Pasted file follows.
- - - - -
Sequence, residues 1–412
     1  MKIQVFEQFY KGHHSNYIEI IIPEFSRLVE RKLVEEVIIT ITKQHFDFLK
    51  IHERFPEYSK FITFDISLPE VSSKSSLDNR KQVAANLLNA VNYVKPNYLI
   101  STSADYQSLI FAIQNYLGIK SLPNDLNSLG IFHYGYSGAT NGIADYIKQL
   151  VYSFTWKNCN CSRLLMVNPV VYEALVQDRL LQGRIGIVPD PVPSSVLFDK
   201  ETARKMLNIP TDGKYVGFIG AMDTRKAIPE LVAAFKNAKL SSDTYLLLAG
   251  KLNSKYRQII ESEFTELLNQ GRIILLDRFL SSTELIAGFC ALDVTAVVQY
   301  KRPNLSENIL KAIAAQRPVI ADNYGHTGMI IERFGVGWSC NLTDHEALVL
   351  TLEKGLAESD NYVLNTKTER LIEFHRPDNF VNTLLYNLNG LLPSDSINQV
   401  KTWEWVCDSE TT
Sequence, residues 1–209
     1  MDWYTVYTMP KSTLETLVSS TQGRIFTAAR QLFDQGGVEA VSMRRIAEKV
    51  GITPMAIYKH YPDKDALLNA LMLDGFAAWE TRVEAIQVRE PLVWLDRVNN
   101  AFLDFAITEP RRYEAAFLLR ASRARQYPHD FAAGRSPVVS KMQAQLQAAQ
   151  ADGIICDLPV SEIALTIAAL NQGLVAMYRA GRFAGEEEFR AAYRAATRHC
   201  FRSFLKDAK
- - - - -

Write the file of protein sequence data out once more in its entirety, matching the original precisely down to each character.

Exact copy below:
Sequence, residues 1–412
     1  MKIQVFEQFY KGHHSNYIEI IIPEFSRLVE RKLVEEVIIT ITKQHFDFLK
    51  IHERFPEYSK FITFDISLPE VSSKSSLDNR KQVAANLLNA VNYVKPNYLI
   101  STSADYQSLI FAIQNYLGIK SLPNDLNSLG IFHYGYSGAT NGIADYIKQL
   151  VYSFTWKNCN CSRLLMVNPV VYEALVQDRL LQGRIGIVPD PVPSSVLFDK
   201  ETARKMLNIP TDGKYVGFIG AMDTRKAIPE LVAAFKNAKL SSDTYLLLAG
   251  KLNSKYRQII ESEFTELLNQ GRIILLDRFL SSTELIAGFC ALDVTAVVQY
   301  KRPNLSENIL KAIAAQRPVI ADNYGHTGMI IERFGVGWSC NLTDHEALVL
   351  TLEKGLAESD NYVLNTKTER LIEFHRPDNF VNTLLYNLNG LLPSDSINQV
   401  KTWEWVCDSE TT
Sequence, residues 1–209
     1  MDWYTVYTMP KSTLETLVSS TQGRIFTAAR QLFDQGGVEA VSMRRIAEKV
    51  GITPMAIYKH YPDKDALLNA LMLDGFAAWE TRVEAIQVRE PLVWLDRVNN
   101  AFLDFAITEP RRYEAAFLLR ASRARQYPHD FAAGRSPVVS KMQAQLQAAQ
   151  ADGIICDLPV SEIALTIAAL NQGLVAMYRA GRFAGEEEFR AAYRAATRHC
   201  FRSFLKDAK